#15: Night wakings

The sleepless nights with a baby can be tedious, but one mom learns to appreciate the rare one-on-one time with her little one.

By Emma Willer
#15: Night wakings

Arguably the thing that any soon-to-be parent dreads the most is the sleepless nights. Or rather, the nights where you attempt to sleep just like you did before the baby arrived, only there’s a crying baby punctuating your rest every two to three hours — if you’re lucky. If you’re not so lucky, you might find yourself awake for hours trying to settle that baby down when it seems like the rest of the world is getting their peaceful slumber. This may also bring you to tears.

My third baby was born last fall, four years after his next oldest brother. I was anticipating great sleep deprivation and a resulting decline in my overall mental health. It had been so long since I had my sleep so disturbed, I wasn’t sure how I was going to cope. What I wasn’t anticipating was savouring our nights together.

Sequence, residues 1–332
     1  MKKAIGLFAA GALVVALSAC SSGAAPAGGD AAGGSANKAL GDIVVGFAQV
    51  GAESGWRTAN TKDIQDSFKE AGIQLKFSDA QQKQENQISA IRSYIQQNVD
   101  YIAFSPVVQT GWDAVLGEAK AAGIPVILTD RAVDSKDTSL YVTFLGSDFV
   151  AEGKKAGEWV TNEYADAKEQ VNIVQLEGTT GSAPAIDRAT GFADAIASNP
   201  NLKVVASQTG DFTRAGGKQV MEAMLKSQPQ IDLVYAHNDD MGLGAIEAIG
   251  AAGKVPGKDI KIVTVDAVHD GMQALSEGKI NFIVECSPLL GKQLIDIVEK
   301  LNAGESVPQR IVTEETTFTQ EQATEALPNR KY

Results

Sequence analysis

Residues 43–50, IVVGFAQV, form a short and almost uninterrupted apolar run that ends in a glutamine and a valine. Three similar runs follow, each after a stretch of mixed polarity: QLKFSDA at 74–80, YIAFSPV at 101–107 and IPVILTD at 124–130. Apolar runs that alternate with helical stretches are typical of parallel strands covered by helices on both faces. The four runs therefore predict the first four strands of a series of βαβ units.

At 4 a.m., the house is muted grey and quiet. Well, except for that baby squawking. I’d pick him up and start to feed him, feeling his warmth and weight in my lap. I’d look around as my eyes adjusted to the darkness, notice the LED light on the powered-off television or my blinking Blackberry. I’d hear the snores of my husband, another child turning over in their bed downstairs, the dog chasing rabbits in her sleep. I’d hear traffic and wonder where the driver had been. Or where they were going.
But really, it was him and me, alone together, in the dark and still night. Not him being dragged to school in the stroller for the second drop-off of the day. Not him being left in his playpen so I could unpack the dishwasher. Just him and me, against the world, with his immediate needs being placed before everyone else’s. When you’re the third baby, that’s a bit of a rarity.
Even if it’s your first baby, know these nights will pass quickly. Know that very, very soon, that small noisy baby will sleep 12 hours a night in his or her own bed, and so will you. You won’t see 4 a.m. as often as you might think. You may also find the joy in your time together in the darkness.

This article was originally published on Aug 03, 2012

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